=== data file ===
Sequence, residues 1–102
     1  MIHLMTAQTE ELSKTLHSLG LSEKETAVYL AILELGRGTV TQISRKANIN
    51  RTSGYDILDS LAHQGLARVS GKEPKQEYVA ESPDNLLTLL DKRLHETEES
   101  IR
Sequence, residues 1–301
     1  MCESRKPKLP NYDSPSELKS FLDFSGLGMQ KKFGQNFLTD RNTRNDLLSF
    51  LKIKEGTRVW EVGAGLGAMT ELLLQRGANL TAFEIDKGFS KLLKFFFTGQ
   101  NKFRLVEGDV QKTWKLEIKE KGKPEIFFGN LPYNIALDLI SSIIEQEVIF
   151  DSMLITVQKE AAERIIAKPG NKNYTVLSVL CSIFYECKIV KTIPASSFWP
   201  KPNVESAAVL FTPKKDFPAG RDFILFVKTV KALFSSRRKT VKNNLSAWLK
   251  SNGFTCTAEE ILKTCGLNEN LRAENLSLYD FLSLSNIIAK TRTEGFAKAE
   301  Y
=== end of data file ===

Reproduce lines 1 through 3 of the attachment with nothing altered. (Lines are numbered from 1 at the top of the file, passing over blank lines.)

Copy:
Sequence, residues 1–102
     1  MIHLMTAQTE ELSKTLHSLG LSEKETAVYL AILELGRGTV TQISRKANIN
    51  RTSGYDILDS LAHQGLARVS GKEPKQEYVA ESPDNLLTLL DKRLHETEES